She goes on to point out the government outsources the target selection to informants — ones who have their own interests to serve and protect. This makes it clear the ATF is searching for dangerous criminals to talk into fake stash house robberies. It’s more than willing to take whoever — which more often than not is a minority with no history of violent crime or armed robbery. From there, the government gets to decide how many years of a suspect’s life it’s willing to try to take away. Invariably, every fake drug stash is large enough to demand 20-year minimum sentences.

Then she gets right to the heart of the matter: of course the ATF’s sting operations are racially-biased. They’re based on a bunch of lies, which gives the ATF the opportunity to pick anyone as its fall guy. But the agency always seems to end up arresting the same sort of people.

Law enforcement agents, on the other hand, do not deal with a closed universe of criminal suspects. When conducting a reverse sting, literally anyone could be a target. See Black, 733 F.3d at 315 (Noonan, J., dissenting) (“In the population of this country, there is an indefinite number of persons who dream of clever and unlawful schemes to make money. Does their dreamy amorality cast them all as fit candidates for a sting by their government?”). There is no reason to suspect that persons of a particular race are more likely to agree to commit a stash house robbery unless one believes that persons of that race are inherently more prone to committing violent crime for profit—a dangerously racist view that has no place in the law. If law enforcement agents target potential stash house robbers in a race-neutral way, then the racial breakdown of targeted individuals would presumably closely mirror that in the community. If it doesn’t, then that’s potentially indicative that the agents or their informants are using discriminatory procedures.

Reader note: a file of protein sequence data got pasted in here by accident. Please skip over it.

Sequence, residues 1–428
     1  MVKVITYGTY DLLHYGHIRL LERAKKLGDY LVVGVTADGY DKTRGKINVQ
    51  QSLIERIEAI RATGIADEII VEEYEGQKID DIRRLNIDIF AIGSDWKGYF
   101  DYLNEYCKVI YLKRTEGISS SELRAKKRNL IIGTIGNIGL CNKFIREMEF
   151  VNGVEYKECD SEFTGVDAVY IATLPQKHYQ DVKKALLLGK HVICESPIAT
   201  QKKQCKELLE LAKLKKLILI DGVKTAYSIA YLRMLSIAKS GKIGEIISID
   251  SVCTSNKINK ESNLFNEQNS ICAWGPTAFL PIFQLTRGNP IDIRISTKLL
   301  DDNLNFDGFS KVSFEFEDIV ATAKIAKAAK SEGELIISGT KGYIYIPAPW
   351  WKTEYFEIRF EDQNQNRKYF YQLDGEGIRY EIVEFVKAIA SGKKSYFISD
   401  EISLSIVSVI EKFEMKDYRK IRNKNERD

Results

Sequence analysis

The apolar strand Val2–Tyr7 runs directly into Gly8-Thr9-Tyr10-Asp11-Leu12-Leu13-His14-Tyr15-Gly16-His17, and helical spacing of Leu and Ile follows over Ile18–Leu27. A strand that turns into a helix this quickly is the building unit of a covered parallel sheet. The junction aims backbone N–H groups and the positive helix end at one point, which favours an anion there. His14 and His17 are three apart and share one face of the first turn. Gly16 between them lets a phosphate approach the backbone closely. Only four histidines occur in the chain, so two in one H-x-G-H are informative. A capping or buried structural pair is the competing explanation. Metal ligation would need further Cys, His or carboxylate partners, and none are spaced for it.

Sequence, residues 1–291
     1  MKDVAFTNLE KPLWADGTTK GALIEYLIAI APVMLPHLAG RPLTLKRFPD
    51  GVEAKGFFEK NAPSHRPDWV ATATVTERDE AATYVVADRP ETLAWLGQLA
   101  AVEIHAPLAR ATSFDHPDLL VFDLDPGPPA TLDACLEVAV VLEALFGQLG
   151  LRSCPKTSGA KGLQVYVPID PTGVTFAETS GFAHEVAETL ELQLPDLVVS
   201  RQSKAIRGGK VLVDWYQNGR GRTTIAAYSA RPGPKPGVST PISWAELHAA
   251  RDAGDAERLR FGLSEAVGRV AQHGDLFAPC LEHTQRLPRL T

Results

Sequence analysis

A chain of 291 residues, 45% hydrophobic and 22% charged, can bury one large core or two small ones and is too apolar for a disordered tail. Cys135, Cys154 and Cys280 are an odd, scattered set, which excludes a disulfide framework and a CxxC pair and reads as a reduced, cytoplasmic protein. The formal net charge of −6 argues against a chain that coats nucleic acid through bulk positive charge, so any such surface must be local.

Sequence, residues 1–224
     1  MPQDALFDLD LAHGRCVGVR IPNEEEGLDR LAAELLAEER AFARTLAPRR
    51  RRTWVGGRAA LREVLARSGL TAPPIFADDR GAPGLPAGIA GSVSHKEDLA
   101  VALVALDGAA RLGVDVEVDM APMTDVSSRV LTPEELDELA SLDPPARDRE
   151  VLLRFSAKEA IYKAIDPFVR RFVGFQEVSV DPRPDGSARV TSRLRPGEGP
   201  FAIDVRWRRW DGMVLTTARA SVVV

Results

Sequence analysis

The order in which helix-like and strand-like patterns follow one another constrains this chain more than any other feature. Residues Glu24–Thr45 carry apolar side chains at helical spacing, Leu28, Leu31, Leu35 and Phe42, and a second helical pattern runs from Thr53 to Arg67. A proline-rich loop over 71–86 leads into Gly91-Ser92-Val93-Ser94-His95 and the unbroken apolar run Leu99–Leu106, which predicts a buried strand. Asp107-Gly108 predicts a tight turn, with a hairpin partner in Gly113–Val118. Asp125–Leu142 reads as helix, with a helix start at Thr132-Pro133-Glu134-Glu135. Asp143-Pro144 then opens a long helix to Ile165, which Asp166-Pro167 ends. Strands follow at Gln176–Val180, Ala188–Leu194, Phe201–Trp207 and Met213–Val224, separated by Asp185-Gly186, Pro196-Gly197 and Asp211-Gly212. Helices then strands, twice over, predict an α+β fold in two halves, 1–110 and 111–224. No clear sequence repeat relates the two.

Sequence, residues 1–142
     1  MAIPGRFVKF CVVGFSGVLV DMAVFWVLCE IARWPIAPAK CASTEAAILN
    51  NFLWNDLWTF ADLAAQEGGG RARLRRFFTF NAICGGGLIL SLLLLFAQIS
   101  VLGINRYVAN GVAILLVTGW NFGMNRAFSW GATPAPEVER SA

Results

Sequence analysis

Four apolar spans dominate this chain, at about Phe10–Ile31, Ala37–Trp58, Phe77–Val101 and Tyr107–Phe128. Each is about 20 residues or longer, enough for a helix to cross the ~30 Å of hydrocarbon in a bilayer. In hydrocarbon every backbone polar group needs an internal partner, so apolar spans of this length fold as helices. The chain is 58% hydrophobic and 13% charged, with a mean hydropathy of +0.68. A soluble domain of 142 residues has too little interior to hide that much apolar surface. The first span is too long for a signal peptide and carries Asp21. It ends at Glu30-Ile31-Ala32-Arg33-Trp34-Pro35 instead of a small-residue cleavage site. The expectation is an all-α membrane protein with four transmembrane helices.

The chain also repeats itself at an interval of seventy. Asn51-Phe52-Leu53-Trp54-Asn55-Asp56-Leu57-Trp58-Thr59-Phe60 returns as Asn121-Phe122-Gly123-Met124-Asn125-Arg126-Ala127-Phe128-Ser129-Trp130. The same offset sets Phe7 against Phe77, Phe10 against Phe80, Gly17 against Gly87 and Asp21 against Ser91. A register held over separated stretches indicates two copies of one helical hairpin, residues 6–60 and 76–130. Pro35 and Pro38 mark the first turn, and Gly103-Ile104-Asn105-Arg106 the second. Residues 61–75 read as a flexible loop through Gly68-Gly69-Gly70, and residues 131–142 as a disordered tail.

This is what the ATF does dozens of times a year. It takes fake drugs and fake stash houses and turns them into real prison sentences. And, so far, it’s been getting away with it. But it sounds like courts are beginning to tire of locking people up for unwittingly engaging in the ATF’s charades. At some point, this will all come crashing down on the feds, but until then dangerous criminals will continue to walk the streets while down-on-their-luck nobodies serve their prison terms for them.

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Comments on “Appeals Court Judge Tears Into ATF's Life-Wrecking, Discriminatory Stash House Stings”

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Anonymous Coward says:

Re: Bull$hit

@@@ “Until the ATF is disbanded…”

yeah, since the courts fully endorse the existence, legality, and mission of ATF — all else the courts do in adjudicating ATF actions is just a charade.

There is no Constitutional authority for ATF to exist at all. Thus it is an outlaw organization.

(oh right, i forgot about the Commerce Clause & General Welfare Clause … which permit the Feds to do whatever they want; but then why even bother a written detailed constitution– just give the Feds plenary authority to do as they choose)

David says:

Well, here is the problem:

If you have one population group where 4% are likely to commit a crime, and one population group where 6% are likely to commit a crime, in the interest of most effective policing, in which ratio should you check (traffic stops, stash house entrapments, well you shouldn’t but you get the drift) those population groups?